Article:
A new study by the lecturer Jordan Santos-Concejero of the UPV/EHU's Department of Physical and Sports Education suggests that elite Kenyan runners cannot defend their brain oxygenation when they are obliged to run to the point of exhaustion and close to their physiological limits. This partly contradicts the results of a study published previously and stresses the critical importance of controlling pace in their success in endurance tests.
The critical importance of pace in long-distance races
A new study by the UPV/EHU-University of the Basque Country suggests that it is not possible to keep brain oxygenation stable during extreme efforts
First publication date: 27/04/2017
The European Journal of Applied Physiology has published an article by the lecturer Jordan Santos-Concejero of the UPV/EHU's Department of Physical and Sports Education entitled ‘Brain oxygenation declines in elite Kenyan runners during a maximal interval training session'. This is the continuation of a previous study published in the Journal of Applied Physiology, in which results that partly contradict those of the originally published research have been obtained.
The first study, conducted by the doctor in the UPV/EHU's Department of Physical and Sports Education, suggested that the capacity of Kenyan athletes in maintaining their brain oxygenation within a stable range during maximal efforts (in the course of a 5-km time trial) might be one of the reasons that could account for the success of these runners in long-distance races.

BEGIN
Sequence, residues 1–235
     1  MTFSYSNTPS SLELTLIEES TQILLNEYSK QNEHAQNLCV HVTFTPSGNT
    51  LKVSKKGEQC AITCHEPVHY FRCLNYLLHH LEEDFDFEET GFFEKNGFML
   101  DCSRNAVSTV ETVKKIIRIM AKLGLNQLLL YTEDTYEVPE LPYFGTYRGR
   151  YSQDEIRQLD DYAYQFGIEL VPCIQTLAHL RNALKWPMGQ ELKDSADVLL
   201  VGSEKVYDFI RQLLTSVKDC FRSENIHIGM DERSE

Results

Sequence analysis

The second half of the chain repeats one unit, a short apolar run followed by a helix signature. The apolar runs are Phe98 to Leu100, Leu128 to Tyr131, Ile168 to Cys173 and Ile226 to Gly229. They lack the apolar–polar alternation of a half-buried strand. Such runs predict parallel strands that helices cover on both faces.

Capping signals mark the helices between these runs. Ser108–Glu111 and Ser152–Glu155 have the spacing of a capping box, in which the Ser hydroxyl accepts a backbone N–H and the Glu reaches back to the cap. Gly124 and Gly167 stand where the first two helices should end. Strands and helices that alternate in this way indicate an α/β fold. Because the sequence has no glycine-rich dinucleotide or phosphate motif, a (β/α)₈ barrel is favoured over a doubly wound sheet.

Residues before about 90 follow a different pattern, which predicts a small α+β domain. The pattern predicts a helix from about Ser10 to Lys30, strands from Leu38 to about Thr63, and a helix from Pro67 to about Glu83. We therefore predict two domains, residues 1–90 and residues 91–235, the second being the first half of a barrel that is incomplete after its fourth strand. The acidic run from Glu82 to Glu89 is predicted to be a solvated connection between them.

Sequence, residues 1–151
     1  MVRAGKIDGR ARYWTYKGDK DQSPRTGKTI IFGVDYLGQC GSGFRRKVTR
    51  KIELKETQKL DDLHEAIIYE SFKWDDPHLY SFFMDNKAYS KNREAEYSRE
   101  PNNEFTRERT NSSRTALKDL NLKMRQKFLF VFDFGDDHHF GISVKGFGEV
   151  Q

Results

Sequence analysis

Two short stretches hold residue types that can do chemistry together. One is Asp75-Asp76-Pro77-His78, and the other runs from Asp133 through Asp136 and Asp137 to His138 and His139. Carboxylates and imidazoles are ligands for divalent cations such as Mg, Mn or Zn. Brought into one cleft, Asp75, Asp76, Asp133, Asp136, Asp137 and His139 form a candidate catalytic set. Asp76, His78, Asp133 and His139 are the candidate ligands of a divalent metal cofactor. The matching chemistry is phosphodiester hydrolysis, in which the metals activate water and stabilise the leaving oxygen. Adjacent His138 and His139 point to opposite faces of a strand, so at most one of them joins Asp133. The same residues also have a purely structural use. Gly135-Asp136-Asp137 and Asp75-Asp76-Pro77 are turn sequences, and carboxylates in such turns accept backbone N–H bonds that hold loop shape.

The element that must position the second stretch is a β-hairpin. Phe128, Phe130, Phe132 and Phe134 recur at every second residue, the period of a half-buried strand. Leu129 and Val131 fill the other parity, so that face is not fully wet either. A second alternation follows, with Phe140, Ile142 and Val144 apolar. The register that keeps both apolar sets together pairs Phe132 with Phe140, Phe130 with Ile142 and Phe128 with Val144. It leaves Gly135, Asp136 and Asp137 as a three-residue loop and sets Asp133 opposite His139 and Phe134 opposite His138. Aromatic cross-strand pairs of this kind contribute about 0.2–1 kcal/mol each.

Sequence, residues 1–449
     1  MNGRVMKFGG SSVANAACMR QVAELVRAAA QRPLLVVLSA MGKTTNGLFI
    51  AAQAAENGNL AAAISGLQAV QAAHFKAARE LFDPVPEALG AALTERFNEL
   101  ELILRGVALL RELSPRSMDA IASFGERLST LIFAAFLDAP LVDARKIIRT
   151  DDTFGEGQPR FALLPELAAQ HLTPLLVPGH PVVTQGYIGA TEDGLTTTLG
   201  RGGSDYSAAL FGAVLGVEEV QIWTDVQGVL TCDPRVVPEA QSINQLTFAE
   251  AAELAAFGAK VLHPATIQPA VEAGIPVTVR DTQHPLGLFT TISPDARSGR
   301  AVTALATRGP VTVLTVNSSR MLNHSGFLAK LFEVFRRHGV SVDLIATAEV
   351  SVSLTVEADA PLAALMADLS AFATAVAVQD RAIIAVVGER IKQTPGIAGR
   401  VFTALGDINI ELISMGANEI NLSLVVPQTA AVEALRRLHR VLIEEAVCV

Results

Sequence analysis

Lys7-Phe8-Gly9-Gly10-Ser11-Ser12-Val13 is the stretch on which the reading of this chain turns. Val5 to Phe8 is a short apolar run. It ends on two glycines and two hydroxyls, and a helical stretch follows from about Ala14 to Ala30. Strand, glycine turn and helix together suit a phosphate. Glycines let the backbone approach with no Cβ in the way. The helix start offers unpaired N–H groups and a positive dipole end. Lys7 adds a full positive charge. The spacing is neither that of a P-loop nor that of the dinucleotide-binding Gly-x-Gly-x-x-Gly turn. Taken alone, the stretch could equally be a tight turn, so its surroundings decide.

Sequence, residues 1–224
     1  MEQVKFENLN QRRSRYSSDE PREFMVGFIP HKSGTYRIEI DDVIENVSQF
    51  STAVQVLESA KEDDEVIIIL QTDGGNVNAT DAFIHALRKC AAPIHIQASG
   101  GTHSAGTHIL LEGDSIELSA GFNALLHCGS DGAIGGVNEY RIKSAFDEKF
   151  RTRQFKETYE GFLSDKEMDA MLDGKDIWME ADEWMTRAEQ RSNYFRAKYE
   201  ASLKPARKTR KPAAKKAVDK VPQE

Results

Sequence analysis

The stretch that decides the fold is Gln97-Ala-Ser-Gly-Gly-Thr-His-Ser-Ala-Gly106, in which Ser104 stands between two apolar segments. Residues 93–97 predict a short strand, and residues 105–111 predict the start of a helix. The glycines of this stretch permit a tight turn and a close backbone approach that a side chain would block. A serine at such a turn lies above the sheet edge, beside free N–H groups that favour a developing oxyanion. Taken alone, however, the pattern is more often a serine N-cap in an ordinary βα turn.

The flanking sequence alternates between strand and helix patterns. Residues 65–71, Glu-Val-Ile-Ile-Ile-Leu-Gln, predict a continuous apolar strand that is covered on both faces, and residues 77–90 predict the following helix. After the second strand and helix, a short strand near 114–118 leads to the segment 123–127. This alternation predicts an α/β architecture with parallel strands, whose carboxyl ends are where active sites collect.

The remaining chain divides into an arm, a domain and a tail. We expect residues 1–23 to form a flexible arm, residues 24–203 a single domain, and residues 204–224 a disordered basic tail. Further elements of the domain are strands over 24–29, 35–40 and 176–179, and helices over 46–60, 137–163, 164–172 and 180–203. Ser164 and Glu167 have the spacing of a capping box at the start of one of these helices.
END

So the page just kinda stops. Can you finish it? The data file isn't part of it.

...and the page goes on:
However, bearing in mind that a time trial covering this distance implies the possibility of the athletes choosing their pace, the need was raised to study the brain oxygenation responses in a maximal effort in which the intensity of the exercise is imposed on them. So an interval test of repeated bouts of 1,000 metres at a speed 5% higher than the average achieved in a 5-km time trial with a 30-second recovery time between bouts was designed. The aim was to do as many bouts as possible, so the athletes were offered economic incentives for every extra bout completed (putting this into context, the best of the athletes was capable doing eight 1,000-metre bouts at a speed of 2 minutes 48 seconds per kilometre on a treadmill).
With this exercise protocol, which guaranteed total exhaustion, results that partly contradict those of the study published originally were obtained, because a fall in brain oxygenation was observed in all the athletes during the last part of the interval test. "We believe that the fall in their brain oxygenation could be caused by a reduction in the partial pressure of CO2 in the blood (hypocapnia), as a result of the hyperventilation brought on by the exercise", explained Santos-Concejero.
Hyperventilation is one of the body's physiological responses to the reduction in the blood pH that can be seen during high intensity exercises. The fall in the pH stimulates peripheral chemoreceptors that promote a powerful respiratory response to maintain the pH within a specified range; this takes place mainly through the expulsion of the excess CO2 produced by the action of the physiological stopper of the bicarbonate to offset acidosis.
The resulting hypocapnia of this powerful respiratory response (once the one widely known as the "respiratory compensation point" has been exceeded) could thus cause vasoconstriction on a brain level that would reduce blood flow, and thus affect brain oxygenation, as has been seen in this study.
In any case, the intensity of exercise at which the fall in brain oxygenation takes place in the Kenyans in the study (95% of their VO2 max) is above anything that has ever been previously documented among elite athletes in any discipline. And, strangely enough, the best athletes in the study (those who managed not only to complete more 1,000-metre bouts but who did so at a faster pace) were capable of withstanding greater falls in brain oxygenation before collapsing; this is further proof of the importance of this factor as a limit on human performance.